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Missed diagnosis of ulcerative colitis in young mother presenting with rectal bleeding (00HDC08356)

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(00HDC08356, 14 August 2002)

General practitioner ~ Standard of care ~ Clinical examination and investigations ~ Missed diagnosis of ulcerative colitis ~ Record-keeping ~ Rights 4(1), 4(2)

A 24-year-old woman complained that her GP did not properly investigate her symptoms, despite repeat consultations and her worsening condition, and did not recognise that she was dehydrated or take steps to hospitalise her.

The woman, who was six weeks postpartum and had a past history of haemorrhoids and postnatal depression, presented with rectal bleeding. The GP's initial diagnosis was haemorrhoids and later a viral gastronenteritis. There was no clinical examination of the rectum with a proctoscope. The GP referred her to an outpatient clinic. At the time of the patient's admission to hospital she was significantly dehydrated. She was diagnosed with ulcerative colitis and underwent a total colectomy and ileostomy.

The Commissioner held that the GP breached Right 4(1) by failing to perform a rectal examination in a patient complaining of haemorrhoids and rectal bleeding, even though a rectal examination is not usually helpful in diagnosing ulcerative colitis, and earlier diagnosis and/or treatment may well have had no material effect on subsequent events or avoided the need for major surgery.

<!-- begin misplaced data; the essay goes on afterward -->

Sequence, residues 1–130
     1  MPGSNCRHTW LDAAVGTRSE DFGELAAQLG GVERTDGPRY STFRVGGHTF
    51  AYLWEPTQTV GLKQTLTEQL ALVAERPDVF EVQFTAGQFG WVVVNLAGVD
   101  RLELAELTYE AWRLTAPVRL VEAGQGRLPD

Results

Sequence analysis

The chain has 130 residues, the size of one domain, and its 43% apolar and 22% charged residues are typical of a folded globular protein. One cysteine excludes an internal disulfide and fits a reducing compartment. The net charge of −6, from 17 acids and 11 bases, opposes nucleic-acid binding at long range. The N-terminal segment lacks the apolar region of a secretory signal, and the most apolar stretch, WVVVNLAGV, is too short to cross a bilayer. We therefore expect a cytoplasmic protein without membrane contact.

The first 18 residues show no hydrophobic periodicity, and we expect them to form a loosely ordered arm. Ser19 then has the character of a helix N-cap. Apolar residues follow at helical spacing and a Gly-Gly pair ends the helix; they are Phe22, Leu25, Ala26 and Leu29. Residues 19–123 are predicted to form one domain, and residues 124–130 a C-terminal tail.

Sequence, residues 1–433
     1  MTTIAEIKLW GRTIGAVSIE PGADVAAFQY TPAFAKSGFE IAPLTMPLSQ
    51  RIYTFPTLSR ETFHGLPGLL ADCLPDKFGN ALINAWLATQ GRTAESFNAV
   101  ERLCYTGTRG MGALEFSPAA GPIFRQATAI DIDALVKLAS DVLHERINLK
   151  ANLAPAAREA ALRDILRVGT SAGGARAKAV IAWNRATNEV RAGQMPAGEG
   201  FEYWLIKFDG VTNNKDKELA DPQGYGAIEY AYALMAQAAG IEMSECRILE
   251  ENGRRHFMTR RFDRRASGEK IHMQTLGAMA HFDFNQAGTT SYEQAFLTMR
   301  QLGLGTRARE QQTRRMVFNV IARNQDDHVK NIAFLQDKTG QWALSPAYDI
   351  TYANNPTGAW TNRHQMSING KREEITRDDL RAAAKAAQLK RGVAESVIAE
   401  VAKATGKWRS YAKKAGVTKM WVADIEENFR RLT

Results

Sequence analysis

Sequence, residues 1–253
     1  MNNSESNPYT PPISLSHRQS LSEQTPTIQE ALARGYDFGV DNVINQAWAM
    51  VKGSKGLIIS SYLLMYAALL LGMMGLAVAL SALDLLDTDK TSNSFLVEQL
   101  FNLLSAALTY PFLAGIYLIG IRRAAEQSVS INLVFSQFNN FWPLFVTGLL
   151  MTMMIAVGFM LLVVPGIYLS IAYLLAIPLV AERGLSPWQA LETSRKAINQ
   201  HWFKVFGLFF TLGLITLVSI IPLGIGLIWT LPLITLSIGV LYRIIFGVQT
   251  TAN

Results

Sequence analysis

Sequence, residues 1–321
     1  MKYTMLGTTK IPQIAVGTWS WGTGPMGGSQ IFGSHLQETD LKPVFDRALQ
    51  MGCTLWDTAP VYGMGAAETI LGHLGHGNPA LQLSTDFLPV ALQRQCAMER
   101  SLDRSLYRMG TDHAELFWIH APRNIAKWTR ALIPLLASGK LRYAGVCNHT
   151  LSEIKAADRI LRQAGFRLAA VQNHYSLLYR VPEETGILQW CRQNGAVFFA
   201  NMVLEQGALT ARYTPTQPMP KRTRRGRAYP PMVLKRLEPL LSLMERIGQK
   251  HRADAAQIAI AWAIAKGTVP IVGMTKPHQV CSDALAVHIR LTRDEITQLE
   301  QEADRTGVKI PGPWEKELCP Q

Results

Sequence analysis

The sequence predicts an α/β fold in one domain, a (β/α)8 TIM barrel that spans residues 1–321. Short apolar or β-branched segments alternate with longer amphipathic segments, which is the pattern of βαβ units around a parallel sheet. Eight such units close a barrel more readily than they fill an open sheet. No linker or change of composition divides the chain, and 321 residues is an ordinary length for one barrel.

It was noted that a patient with severe diarrhoea can progress from mild to moderate to severe dehydration over a period of eight hours, and that while significant dehydration had developed by the time of hospital admission, the patient was not so obviously dehydrated during the consultation as to require immediate hospitalisation. However, the GP breached Right 4(1) by failing to examine the patient sufficiently to decide whether she was dehydrated.

The GP also breached Right 4(2) by failing to keep adequate records. The clinical records were below RNZCGP standards, particularly in respect of legibility, clear recording of history, assessment, problem list, and management plan. It was noted that patients who attend an Accident and Medical Clinic may not always see their doctor of choice, and it is therefore essential that notes of previous consultations are legible, complete, and sufficiently detailed to allow the treating doctor to know the medical history.

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